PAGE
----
I’ve been a fan of Anne Ursu since reading her first fantasy for young adults, The Shadow Thieves, some years ago. I love her simple but elegant style, that never talks down to kids. I hadn’t known, until the arrival of The Troubled Girls of Dragomir Academy, that she is a local writer, currently teaching at Hamline University.

In the land of Dragomir, there is a dire need for sorcerers to fight the Dread, remnants of spells left behind by the war with the neighboring kingdom’s witches two hundred years ago. All boys with the slightest inclination toward magic are given vast wealth and scrupulous training. For the girls, though, it is an entirely different matter. After Marya’s brother is tested for magical potential, she receives a letter consigning her to the Dragomir Academy for Troubled Girls.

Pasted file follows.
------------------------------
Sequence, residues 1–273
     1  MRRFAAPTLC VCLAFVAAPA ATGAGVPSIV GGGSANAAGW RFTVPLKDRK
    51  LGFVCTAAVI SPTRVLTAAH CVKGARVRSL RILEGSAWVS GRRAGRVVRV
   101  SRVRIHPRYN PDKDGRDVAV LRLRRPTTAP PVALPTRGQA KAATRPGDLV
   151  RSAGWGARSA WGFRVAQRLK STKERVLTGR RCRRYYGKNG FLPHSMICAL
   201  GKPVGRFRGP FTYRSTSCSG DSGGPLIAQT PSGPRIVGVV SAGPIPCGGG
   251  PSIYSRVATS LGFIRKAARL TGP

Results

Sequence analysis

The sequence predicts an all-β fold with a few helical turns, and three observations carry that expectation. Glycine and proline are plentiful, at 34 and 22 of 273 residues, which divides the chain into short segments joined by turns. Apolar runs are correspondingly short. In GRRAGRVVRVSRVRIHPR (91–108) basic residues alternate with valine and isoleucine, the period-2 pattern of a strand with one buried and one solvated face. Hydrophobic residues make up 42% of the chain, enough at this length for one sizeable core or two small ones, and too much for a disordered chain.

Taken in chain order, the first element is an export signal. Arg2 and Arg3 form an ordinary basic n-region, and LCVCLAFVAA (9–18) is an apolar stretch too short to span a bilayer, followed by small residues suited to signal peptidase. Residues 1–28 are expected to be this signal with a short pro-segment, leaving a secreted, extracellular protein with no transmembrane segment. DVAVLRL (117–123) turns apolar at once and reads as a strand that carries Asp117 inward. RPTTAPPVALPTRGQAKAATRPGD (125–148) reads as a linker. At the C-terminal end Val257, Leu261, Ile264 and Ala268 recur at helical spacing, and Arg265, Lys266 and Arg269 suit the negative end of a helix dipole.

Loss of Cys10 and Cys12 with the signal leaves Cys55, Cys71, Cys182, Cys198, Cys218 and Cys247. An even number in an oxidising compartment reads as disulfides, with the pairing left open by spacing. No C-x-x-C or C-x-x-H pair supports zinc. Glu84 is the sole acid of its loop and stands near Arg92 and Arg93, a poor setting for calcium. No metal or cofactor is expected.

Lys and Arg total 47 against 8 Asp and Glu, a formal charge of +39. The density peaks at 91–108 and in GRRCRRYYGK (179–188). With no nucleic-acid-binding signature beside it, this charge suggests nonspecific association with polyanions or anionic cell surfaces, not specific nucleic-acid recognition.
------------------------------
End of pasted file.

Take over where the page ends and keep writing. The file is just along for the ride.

This is a story that has been told before–a girl coming of age in a place where men are the only people who are trusted with magic–but it’s rarely been so well-told for a younger audience. (For a grown-up version, see The Once and Future Witches by Alix E. Harrow.) Marya is both resourceful and naïve, willing to question what she is told but still prone to believing the adults in authority. She has many things to be angry about, but never resorts to sulking about the unfairness. As Marya sorts through the things about herself that she needs to change and the things about the world that cause her problems but are not actually her fault, the young (or older) reader might recognize something of her in themselves.


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